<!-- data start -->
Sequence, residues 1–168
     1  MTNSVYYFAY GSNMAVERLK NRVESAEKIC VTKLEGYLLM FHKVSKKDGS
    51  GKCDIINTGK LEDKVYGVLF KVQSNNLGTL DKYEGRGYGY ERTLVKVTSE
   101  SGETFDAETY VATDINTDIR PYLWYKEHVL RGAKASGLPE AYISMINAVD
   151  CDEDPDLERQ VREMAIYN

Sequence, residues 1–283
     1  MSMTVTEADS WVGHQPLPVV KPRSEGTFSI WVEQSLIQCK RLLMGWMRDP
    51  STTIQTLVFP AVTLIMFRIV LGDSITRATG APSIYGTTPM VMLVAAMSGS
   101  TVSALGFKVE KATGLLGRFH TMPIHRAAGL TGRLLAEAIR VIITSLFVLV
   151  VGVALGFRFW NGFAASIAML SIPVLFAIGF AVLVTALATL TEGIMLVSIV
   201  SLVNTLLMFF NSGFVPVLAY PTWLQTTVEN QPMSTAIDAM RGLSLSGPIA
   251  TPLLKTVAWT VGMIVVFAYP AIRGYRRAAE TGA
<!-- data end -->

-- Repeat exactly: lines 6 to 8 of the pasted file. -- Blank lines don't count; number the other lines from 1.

Sequence, residues 1–283
     1  MSMTVTEADS WVGHQPLPVV KPRSEGTFSI WVEQSLIQCK RLLMGWMRDP
    51  STTIQTLVFP AVTLIMFRIV LGDSITRATG APSIYGTTPM VMLVAAMSGS